News and Events

City of Stuart, Florida, Passes Ordinance to Restrict Youth Access and Exposure to Electronic Cigarettes
November 25, 2013

On November 25, 2013 the City Commission of Stuart, Florida voted unanimously to pass an ordinance to reduce youth access and exposure to electronic cigarettes.

The ordinance prohibits the sale of e-cigarettes to minors under the age of 18, places the products behind the counter requiring retailer-assisted sales, and bans the use of the devices in places where traditional tobacco is currently banned under the Florida Clean Indoor Air Act.

Stuart City Council
From L to R : Stuart Vice Mayor Troy McDonald, Kim Waser (Tobacco Free Partnership of Martin County),
Dr. Barry Hummel (Tobacco Prevention Network of Florida), Stuart Mayor Eual Clarke,
Ally Diaz (Martin County High School SWAT President)

The ordinance was put forth by Vice Mayor Troy McDonald, who was concerned by rising rates of use by middle school and high school students, and a lack of clear rules restricting the sale of e-cigarettes to minors at the state and federal level.

During the commissioners' discussion leading up to the vote, Mayor Eula Clarke mentioned that she received one email from someone protesting the ordinance as unconstitutional. City Attorney Michael Mortell reported that he had forwarded the email to all of the City Comissioners. Mr. Mortell than went on to address the constitutionality of the ordinance: "Listen, if one of Chief Dyess's officers walk into a convenience store and sees e-cigarettes next to the candy, and they ask the retailer to move them behind the counter where the kids can't get them... they're going to move the e-cigarettes so the kids can't get them."

Vice Mayor Troy McDonald spoke up to elaborate on the section of the ordinance restricting the use of these devices according to the rules of the Florida Clean Indoor Air Act, strongly supporting the inclusion of these rules in the Stuart ordinance.

After the discussion, the Stuart City Commission voted unanimously in favor of the new ordinance.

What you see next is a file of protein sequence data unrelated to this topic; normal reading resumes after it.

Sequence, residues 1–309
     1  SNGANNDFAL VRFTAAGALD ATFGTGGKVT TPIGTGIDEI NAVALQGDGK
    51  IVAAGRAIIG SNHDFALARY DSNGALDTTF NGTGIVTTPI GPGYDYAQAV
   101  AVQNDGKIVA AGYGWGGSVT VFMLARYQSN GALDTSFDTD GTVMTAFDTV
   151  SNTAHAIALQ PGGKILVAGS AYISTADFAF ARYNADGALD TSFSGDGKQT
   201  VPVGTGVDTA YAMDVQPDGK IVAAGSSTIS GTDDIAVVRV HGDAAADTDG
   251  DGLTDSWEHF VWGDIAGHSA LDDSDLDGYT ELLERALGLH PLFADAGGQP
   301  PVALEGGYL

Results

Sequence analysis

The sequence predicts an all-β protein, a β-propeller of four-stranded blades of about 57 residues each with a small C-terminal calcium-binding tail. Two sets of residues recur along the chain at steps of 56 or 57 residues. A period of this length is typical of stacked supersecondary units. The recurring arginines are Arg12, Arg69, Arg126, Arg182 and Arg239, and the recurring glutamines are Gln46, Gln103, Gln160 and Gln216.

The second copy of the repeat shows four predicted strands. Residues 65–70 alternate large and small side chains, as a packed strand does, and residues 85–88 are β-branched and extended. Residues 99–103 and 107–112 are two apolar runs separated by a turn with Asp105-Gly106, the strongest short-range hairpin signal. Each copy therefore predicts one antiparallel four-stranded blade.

"The City of Stuart is completely within its rights to regulate these drug delivery devices," said Dr. Barry Hummel of the Tobacco Prevention Network of Florida. "A federal judge actually sided with the e-cigarette industry in 2010, declaring that the FDA could only regulate electronic nicotine delivery devices as tobacco products... a consumer product and a recreational drug (Sottera v FDA). The FDA guidelines grant local communities to authority to regulate the time, place, and manner of the sale and marketing of tobacco products, such as e-cigarettes. Now the e-cigarette industry and their lobbying groups seem upset that they have to play by the set of rules that they themselves went to court to secure."

The action taken by the City of Stuart to regulate electronic cigarettes illustrates the growing public health concern around these products. This action demonstrates local governments passing rules to protect its youth from nicotine addiction and to de-normalize the act of smoking, whether by traditional or electronic means. Stuart has joined a growing list of cities and counties in Florida that have passed age restrictions in the absence of federal or state law regulating the sale and marketing of these electronic nicotine delivery devices.

Recently, the Center for Disease Control and Prevention reported that electronic cigarette use among has doubled nationally in the last year, making health officials concerned. The CDC stated that 4.7% of high school students had used an electronic cigarette in 2011 and that number rose to 10% in 2012.

This has also led to an increase in use of these drug delivery devices by teenagers on school campuses, as discussed in this article in the Washington Post, published on November 14, 2013.

More information on electronic cigarettes is available in this article, published in the Wall Street Journal on November 10, 2013.